The family told Lyon about Caroline, and how much she meant to all of them. “We are a strong family,” Tony Cooke told him. “Our lives have not been ruined – but irrevocably changed.” Tony then read part of his wife’s autopsy report, detailing her injuries: “I want you to know what happens when a car hits a pedestrian.”
The family also learnt something of Lyon. How he’d come from a broken home, been in welfare care at 11, started work at 14; how he’d had a panel-beating business, but it had failed; how he cared for his 14-year-old son as well as his stepdaughter. And he insisted he’d changed. “I will never drive again, I can promise you 100%.”
Tim Cooke raised the possibility of working with Lyon in the future, using his story to prevent similar tragedies. In the end, there was a fraction more understanding, an overlaying of humanity, a cautious softening of the caricatures that had formed.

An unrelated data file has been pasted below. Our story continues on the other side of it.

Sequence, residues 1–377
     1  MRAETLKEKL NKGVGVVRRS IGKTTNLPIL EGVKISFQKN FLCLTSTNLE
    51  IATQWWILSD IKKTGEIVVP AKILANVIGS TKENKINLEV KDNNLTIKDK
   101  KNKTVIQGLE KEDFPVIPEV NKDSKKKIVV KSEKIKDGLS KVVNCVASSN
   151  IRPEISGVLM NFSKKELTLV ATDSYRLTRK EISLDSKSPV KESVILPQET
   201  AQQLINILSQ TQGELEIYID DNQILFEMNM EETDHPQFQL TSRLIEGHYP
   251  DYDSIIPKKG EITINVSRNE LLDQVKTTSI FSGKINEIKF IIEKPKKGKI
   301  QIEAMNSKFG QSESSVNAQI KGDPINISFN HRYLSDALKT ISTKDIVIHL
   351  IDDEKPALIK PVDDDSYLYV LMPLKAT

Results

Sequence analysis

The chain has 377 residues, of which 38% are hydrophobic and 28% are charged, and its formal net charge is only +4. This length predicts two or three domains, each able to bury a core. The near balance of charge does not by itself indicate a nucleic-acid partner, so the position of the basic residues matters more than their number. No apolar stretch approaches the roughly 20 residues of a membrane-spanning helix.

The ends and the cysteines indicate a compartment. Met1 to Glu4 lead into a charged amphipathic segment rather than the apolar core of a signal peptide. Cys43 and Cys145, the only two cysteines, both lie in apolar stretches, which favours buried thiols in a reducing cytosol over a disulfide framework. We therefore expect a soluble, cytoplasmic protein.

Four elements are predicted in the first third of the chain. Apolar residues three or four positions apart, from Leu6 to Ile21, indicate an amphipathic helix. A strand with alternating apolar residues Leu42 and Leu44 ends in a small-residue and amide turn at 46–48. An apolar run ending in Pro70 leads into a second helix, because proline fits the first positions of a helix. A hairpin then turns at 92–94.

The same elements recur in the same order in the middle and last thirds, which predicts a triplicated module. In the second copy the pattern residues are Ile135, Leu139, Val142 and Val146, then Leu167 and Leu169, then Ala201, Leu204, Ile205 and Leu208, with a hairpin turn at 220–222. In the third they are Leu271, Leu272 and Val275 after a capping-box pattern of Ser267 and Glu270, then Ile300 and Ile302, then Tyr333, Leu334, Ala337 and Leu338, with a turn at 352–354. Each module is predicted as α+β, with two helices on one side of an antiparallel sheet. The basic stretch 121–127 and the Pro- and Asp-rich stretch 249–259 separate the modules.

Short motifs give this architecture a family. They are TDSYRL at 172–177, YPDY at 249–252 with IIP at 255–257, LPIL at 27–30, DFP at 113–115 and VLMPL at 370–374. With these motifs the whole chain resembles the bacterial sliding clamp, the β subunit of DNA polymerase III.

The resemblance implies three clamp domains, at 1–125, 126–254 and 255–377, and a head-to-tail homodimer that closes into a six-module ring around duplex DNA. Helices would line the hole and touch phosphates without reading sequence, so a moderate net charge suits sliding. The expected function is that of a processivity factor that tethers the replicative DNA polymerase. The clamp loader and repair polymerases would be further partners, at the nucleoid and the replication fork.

At Lyon’s sentencing, it seemed clear the judge was leaning on the success of this meeting and hesitating to jail Lyon, despite how appalling and devastating his acts had been. Ultimately, her sentencing formula relied on a mix of maths, reference to other cases and her own “discretion”. It worked like this:
Reckless driving causing death carries a maximum penalty of 10 years’ jail. Justice Thomas decided a starting point of four years was appropriate for Lyon, and added three months because he was a repeat offender. She reduced that by seven months for the effect imprisonment would have on Lyon’s family, as he was the children’s primary caregiver. Then she gave him a 20% reduction for remorse, given his role in the restorative justice meeting. In addition, she gave him a further 20% reduction for his guilty plea. That came to a final sentence of 28 months – not quite low enough to make Lyon eligible for home detention, so he was led away to jail.